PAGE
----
iPod inventor says Apple has winning recipe for developing products

Karen Haslam
21 January, 2013
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Father of the iPod Tony Fadell has compared the difference between designing new products at Apple and Philips.

Fadell was hired by Philips in 1995, but went on to start up his own company Fuse where he developed a music player that he pitched to Apple. That idea became the iPod. Fadell was Senior Vice President of the iPod division at Apple until 2008.

Speaking at the Bloomberg Design conference, Fadell described the differences between developing new products at the two companies.

At Philips projects can be killed at any time: “Nine times out of 10, or 99 times out of 100, they would kill the project, either at the beginning, the middle or right before the product was supposed to be shipped,” Fadell said, according to Gigaom.

This mentality means that the people working on new projects are less motivated, as they don’t know if they have a future.

Such a culture means that designers don’t do their best work. They just go through the motions of creating a product, Fadell explained.

In contrast, at Apple 99 percent of projects that made it past certain milestones ship, said Fadell.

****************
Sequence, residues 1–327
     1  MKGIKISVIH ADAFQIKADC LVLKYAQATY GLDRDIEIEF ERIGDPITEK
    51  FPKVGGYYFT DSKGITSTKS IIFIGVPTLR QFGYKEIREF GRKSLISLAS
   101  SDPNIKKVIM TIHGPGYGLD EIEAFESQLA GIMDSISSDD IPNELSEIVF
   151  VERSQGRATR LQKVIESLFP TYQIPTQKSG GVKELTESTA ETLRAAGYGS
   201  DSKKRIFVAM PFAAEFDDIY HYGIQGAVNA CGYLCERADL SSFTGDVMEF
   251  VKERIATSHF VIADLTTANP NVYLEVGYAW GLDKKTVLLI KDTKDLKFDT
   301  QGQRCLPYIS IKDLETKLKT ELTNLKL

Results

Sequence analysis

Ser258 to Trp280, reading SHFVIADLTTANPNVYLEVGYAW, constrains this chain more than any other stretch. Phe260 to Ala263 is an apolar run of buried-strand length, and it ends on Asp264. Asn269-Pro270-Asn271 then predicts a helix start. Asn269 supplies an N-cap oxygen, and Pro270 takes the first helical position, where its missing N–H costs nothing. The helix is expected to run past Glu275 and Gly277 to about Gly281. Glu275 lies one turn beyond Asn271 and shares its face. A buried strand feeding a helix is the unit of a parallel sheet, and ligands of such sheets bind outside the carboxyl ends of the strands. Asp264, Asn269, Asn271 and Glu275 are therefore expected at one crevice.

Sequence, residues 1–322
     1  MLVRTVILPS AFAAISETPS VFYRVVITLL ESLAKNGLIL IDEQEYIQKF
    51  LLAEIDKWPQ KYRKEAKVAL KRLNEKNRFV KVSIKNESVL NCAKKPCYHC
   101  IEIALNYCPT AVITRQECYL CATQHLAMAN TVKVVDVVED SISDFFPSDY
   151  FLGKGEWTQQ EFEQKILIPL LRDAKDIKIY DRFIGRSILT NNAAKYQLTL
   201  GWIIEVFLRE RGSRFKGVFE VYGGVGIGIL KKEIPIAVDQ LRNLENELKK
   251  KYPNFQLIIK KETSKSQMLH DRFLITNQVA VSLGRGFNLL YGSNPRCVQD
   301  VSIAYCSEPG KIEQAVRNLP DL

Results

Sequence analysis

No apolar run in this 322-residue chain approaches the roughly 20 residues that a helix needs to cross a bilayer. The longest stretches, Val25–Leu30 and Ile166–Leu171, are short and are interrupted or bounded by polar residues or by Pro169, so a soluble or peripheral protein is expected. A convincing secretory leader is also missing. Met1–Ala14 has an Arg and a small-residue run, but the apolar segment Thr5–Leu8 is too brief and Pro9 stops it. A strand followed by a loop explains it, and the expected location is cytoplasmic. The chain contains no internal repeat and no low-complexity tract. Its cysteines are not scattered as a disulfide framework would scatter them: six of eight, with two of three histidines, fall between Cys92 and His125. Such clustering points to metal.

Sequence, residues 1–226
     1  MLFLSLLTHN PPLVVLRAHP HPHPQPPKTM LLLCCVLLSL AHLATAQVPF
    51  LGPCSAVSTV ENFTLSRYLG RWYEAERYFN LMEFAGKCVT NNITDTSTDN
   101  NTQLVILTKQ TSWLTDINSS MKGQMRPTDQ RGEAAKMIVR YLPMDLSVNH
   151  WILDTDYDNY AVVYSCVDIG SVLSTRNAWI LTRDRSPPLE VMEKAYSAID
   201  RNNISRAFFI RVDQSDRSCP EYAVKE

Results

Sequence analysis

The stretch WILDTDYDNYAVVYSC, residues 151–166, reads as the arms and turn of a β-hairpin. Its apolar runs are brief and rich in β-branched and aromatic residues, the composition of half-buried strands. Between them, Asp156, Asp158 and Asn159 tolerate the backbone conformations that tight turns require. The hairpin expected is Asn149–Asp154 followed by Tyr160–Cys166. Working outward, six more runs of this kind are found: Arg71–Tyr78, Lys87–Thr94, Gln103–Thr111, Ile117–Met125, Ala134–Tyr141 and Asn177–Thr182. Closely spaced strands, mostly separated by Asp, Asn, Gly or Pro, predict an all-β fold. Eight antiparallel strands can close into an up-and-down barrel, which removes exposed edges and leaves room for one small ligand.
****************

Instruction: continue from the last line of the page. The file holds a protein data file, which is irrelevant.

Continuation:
“When you’re in a culture that has a point of view, and drives to launch everything it does, you know you’re on the hook and you better bring your best game every time,” said Fadell.

Fadell indicates that when a project commences at Apple everyone, management,  designers and marketers, understands the message and the customer envisioned for the product. Presumably nobody at Apple wastes time developing a project that doesn’t meet approval from the very beginning.

In an interview with the BBC last year Fadell suggested that Scott Forstall “got what he deserved” when he was ousted from Apple. Fadell revealed in an interview with the Telegraph that Apple never foresaw that the iPod would lead to the iPhone and the immense success that Apple is enjoying today.

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